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#38. Patternmakers, wood

- Average annual wage: $63,490 (18.7% higher than average U.S. income)
- Employment: 370 (0.00 per 1,000 jobs)
- Job training: moderate-term on-the-job training

Wood patternmakers construct the models used to form sand molds for casting, primarily in the furniture manufacturing industry. Nearly all the jobs in this profession are located in Michigan, where Grand Rapids was once known as “Furniture City” and had a reputation as the global leader in fine wooden furniture.

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#37. Lodging managers

- Average annual wage: $63,570 (18.8% higher than average U.S. income)
- Employment: 38,340 (0.26 per 1,000 jobs)
- Job training: none

Anywhere that provides temporary accommodations for travelers likely has a lodging manager on site to direct and coordinate the staff’s efforts. The vast majority work at hotels, motels, and resorts, but some lodging managers also operate campgrounds and RV parks.

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#36. Subway and streetcar operators

- Average annual wage: $63,770 (19.2% higher than average U.S. income)
- Employment: 10,730 (0.07 per 1,000 jobs)
- Job training: moderate-term on-the-job training

Anyone who takes public transportation regularly likely has a strong appreciation for the subway and streetcar operators that help get passengers to their destinations. Most are employed by state or local governments—California boasts the highest number of these employees.

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#35. Construction and building inspectors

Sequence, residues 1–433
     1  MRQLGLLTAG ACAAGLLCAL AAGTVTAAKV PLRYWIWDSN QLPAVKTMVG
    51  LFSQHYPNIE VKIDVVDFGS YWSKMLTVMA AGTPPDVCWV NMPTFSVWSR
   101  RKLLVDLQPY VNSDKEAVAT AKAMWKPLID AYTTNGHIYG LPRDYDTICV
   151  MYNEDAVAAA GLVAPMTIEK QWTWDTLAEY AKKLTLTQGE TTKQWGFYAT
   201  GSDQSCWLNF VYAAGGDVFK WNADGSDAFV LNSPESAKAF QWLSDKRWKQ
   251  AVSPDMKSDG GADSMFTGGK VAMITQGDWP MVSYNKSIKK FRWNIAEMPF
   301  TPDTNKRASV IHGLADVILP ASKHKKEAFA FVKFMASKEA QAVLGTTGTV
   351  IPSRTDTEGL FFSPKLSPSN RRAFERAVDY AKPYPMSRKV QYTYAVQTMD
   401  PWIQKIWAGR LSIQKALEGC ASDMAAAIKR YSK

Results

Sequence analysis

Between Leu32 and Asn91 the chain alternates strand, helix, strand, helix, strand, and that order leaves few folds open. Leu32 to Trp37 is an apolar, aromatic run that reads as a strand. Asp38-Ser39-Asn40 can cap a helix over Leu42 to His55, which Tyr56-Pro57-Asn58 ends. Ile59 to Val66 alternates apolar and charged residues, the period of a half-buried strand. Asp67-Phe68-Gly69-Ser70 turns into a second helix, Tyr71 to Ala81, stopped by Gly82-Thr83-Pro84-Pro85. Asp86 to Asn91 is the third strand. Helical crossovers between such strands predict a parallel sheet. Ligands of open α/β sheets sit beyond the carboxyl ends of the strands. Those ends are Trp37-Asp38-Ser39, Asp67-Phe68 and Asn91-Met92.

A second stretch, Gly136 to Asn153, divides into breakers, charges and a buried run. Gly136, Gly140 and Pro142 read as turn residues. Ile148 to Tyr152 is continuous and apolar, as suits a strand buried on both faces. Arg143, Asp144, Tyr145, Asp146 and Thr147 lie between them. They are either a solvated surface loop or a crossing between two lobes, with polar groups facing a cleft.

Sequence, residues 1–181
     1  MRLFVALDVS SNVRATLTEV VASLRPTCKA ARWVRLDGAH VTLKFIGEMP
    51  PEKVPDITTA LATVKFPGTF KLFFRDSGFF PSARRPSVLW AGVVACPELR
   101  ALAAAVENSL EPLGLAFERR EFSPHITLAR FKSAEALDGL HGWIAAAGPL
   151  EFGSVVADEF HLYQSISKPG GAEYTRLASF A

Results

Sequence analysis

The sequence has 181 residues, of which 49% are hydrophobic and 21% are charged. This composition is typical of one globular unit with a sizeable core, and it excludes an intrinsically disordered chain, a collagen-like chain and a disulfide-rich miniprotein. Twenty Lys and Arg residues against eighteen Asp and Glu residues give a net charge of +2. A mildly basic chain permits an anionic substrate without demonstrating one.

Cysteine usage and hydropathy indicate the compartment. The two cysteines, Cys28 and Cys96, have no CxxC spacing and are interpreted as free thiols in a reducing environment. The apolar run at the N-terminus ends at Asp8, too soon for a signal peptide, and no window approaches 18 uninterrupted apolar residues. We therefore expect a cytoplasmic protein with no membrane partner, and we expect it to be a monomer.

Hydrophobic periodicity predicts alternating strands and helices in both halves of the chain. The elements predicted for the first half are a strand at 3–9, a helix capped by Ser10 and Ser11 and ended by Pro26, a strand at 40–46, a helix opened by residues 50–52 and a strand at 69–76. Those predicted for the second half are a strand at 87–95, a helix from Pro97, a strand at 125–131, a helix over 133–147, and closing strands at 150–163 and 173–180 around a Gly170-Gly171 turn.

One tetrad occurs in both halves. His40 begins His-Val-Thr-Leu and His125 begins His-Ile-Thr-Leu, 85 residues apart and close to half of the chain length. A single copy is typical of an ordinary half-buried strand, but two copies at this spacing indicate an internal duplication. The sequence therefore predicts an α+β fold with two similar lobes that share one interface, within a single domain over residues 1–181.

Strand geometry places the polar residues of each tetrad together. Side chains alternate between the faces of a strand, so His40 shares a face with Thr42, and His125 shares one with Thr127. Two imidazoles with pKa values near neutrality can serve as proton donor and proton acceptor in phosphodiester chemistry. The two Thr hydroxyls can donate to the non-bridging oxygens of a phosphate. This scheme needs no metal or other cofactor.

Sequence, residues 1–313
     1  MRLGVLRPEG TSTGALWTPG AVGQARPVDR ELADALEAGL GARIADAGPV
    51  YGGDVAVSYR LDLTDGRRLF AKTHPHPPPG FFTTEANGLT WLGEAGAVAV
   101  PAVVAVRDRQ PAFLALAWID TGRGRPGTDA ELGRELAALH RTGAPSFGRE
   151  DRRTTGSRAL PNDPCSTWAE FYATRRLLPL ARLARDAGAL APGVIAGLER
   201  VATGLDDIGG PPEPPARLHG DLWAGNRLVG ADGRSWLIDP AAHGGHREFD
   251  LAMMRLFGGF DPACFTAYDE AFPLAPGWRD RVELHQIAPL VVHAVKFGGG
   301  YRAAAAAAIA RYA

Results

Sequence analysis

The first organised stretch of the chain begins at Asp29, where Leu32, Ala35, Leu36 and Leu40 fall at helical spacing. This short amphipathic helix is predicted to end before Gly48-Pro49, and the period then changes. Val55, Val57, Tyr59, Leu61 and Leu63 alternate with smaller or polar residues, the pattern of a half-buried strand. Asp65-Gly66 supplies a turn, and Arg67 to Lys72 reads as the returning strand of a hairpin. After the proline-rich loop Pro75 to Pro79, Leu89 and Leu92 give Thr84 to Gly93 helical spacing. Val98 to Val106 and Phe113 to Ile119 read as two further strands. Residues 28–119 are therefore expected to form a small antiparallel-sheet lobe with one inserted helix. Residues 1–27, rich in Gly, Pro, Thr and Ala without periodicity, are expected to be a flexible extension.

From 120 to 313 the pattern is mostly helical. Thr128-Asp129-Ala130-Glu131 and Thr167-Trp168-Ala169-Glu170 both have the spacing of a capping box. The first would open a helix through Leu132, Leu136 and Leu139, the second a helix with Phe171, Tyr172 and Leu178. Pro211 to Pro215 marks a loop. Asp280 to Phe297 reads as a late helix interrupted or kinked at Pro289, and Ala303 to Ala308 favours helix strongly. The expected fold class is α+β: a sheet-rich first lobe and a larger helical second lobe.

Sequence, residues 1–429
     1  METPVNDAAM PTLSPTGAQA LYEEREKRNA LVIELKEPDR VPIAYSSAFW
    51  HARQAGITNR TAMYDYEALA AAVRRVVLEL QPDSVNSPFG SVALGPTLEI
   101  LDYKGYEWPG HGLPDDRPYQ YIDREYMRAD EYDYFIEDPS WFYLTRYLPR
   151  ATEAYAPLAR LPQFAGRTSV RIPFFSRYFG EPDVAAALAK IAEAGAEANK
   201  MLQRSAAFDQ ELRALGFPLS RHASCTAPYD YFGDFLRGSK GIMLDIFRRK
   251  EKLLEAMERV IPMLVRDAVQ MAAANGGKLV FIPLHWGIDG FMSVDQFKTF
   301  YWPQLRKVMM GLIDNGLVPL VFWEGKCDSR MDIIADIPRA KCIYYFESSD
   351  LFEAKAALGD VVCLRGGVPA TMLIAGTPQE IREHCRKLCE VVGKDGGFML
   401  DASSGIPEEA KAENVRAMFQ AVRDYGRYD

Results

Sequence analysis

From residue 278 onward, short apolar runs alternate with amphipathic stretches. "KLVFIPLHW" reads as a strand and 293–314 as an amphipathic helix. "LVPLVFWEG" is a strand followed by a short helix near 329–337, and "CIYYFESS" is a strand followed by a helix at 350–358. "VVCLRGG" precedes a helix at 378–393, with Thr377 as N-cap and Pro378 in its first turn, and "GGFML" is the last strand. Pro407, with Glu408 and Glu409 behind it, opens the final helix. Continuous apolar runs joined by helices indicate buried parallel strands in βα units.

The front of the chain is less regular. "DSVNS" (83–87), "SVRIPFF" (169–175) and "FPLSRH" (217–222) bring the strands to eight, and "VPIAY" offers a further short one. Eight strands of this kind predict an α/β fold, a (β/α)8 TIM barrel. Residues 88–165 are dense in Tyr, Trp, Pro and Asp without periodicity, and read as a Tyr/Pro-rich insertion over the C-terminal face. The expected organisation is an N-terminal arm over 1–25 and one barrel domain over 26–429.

- Average annual wage: $64,390 (20.4% higher than average U.S. income)
- Employment: 110,420 (0.75 per 1,000 jobs)
- Job training: moderate-term on-the-job training

Anyone who’s ever watched a home renovation TV show knows that passing inspection is a crucial part of the process, and a construction and building inspector needs to sign off on a home before construction can be considered complete. No college degree is required to become an inspector, but you might need to become licensed or certified by your city or state.

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#34. Advertising sales agents

- Average annual wage: $64,660 (20.9% higher than average U.S. income)
- Employment: 129,740 (0.88 per 1,000 jobs)
- Job training: moderate-term on-the-job training

Although some advertising sales agents have bachelor’s degrees, there’s no higher education requirement to do this job. These salespeople work at radio stations, TV networks, internet publishing companies, ad agencies, and other industries, but all work to meet their quotas by selling a certain number of advertising spots to clients. 

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#33. Boilermakers

- Average annual wage: $65,040 (21.6% higher than average U.S. income)
- Employment: 15,820 (0.11 per 1,000 jobs)
- Job training: apprenticeship